But I am convinced that worship is not what we offer to the people who come, from up the front, but that what we all do, for God: including our music.

That is why we have made some changes to the music, and the arrangement of the Eucharist. It is a regular enough comment from visitors, that the experience of being in the ‘body’ of the congregation feels a bit dead. We needed to take some steps to give more responsibility for taking their part to members of the whole body. This involves asking them to sing more, and to spend some time before church’ gathering’ ourselves together.  The reaction from most of the people I have asked is that the Sunday Eucharist feels as though it has been dusted off and is ‘fresher’. Good. This is a part of realising, ‘on the ground’, as it were the prayer that we pray at the beginning ‘that we may worthily (not passively or sloppily) magnify your holy name’.

So that deals with the way in which we as Christians engage with Christ, and let that engagement find expression in lively Eucharists which communicate our passion for God.

But there remains the group of people whom we are hoping to attract. We will all be dead soon. We need to find others who will also want to engage with Christ, and offer their worship, as a result of their engagement, with us all. This might be different from what we are used to, but on the principle that worship is what we all offer to God, we are bound to receive their offerings as much as our own.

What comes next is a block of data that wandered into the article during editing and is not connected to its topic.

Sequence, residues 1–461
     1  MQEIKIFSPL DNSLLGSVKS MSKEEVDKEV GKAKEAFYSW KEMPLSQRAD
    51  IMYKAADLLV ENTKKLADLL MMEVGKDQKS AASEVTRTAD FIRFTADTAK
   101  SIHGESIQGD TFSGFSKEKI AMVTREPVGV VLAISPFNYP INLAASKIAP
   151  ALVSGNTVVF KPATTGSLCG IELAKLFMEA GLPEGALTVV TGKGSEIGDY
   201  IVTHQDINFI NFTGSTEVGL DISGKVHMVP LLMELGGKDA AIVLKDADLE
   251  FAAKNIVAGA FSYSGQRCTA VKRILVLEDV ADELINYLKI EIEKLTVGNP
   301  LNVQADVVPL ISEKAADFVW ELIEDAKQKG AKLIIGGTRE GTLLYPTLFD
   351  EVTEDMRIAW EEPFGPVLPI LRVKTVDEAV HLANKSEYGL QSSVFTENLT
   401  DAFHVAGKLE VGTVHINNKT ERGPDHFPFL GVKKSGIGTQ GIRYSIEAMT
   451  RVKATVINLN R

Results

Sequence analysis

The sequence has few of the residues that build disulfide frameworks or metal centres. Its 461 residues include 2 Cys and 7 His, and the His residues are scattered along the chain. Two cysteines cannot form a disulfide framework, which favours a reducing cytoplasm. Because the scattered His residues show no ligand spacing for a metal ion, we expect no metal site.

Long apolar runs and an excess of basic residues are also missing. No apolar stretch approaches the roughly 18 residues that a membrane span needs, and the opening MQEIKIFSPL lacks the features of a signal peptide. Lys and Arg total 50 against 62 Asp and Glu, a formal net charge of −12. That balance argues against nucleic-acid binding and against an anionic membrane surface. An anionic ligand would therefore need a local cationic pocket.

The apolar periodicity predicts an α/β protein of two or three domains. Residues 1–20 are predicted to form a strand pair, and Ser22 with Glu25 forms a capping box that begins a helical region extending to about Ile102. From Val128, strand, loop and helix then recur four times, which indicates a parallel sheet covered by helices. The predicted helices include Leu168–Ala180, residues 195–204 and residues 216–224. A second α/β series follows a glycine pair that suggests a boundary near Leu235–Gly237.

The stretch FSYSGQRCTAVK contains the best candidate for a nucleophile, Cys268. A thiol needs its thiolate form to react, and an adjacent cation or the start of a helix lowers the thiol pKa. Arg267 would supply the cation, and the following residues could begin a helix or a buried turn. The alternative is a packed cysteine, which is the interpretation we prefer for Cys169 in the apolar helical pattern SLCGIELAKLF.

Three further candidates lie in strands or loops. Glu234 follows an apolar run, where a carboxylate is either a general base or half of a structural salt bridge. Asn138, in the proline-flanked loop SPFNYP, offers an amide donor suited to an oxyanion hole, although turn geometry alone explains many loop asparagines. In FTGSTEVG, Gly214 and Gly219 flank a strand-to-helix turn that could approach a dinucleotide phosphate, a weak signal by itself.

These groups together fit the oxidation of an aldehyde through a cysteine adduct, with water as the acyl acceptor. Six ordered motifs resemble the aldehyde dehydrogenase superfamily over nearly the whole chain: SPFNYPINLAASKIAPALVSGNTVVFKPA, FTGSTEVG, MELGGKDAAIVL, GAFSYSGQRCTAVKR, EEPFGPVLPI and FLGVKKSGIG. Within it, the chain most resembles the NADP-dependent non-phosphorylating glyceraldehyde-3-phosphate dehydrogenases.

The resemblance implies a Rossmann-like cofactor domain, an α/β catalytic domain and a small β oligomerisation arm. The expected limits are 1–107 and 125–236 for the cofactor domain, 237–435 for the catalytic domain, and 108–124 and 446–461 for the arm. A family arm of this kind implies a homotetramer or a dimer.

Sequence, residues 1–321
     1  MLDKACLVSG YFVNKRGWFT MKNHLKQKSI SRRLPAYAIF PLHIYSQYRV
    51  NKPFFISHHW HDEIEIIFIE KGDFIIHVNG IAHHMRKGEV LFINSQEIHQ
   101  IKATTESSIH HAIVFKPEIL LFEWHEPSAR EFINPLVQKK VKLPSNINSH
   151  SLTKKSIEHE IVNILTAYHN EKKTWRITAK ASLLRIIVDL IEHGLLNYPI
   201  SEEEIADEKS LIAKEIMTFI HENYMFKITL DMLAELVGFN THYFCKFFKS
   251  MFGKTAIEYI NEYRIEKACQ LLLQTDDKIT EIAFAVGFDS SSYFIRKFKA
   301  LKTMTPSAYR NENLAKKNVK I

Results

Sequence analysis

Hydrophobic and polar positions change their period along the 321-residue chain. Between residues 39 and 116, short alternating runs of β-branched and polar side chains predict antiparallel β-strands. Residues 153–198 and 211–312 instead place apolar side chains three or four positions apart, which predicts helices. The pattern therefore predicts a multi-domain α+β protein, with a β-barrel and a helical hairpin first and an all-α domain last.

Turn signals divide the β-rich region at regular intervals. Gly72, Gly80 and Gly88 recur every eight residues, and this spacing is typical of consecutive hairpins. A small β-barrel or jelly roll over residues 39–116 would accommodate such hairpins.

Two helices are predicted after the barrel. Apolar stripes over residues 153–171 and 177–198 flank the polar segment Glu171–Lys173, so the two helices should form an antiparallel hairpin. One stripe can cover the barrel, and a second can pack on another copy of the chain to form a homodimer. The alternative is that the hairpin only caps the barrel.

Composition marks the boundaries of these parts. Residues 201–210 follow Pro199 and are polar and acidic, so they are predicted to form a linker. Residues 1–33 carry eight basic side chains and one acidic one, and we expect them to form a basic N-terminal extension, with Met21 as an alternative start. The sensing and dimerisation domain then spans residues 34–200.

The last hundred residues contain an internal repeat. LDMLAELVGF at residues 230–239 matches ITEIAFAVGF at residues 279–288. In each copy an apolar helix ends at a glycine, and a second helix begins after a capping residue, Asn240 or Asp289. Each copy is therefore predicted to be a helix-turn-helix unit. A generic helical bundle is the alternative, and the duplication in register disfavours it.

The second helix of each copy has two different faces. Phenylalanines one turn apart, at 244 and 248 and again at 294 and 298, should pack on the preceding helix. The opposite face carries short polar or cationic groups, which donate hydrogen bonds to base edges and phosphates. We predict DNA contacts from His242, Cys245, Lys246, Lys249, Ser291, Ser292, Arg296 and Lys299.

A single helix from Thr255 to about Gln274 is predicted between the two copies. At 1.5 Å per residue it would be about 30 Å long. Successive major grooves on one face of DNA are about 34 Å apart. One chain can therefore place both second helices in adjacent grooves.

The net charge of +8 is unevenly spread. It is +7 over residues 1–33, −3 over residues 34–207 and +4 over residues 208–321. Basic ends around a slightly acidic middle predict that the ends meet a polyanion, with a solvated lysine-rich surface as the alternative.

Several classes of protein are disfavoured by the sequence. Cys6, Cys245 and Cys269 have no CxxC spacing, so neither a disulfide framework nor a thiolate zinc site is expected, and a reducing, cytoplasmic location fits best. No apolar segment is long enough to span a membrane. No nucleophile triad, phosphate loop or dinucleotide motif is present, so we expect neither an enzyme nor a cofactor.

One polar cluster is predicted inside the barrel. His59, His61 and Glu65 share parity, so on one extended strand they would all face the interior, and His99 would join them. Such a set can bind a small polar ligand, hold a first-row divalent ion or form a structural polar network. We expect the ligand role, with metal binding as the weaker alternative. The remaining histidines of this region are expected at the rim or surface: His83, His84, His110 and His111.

The difficult question is this: to becmoe a Christian, involves a transition for them. How is this transition made, and how do we help them?

Clearly something has to happen to ‘peel people’ off their old sense of life, so that they are open to a new sense of life in Christ. This can happen in a number of ways that do not involve music or worship. Our care for them in distress may be a good form of witness to Christ. Our social concern through the putting on of forums or the running of groups for refugees (all of which are being thought about) are ways that people can take the first steps on their journey of following Christ, with us. Then, as they come to learn about the Eucharist, and what is important to us, they can take some of that on board, and then make their contribution in worship, and to the music. I can see no problem in principle with ‘rap’ intercessions if we had a good ‘rapper’ who wanted to intercede! I would love it if some of our younger members could offer their contribution to the music, but it has not happened yet. The ‘Sunday Larks’ experiment sounded like a very good thing, and it is a shame that this ministry has stopped for want of someone to lead it.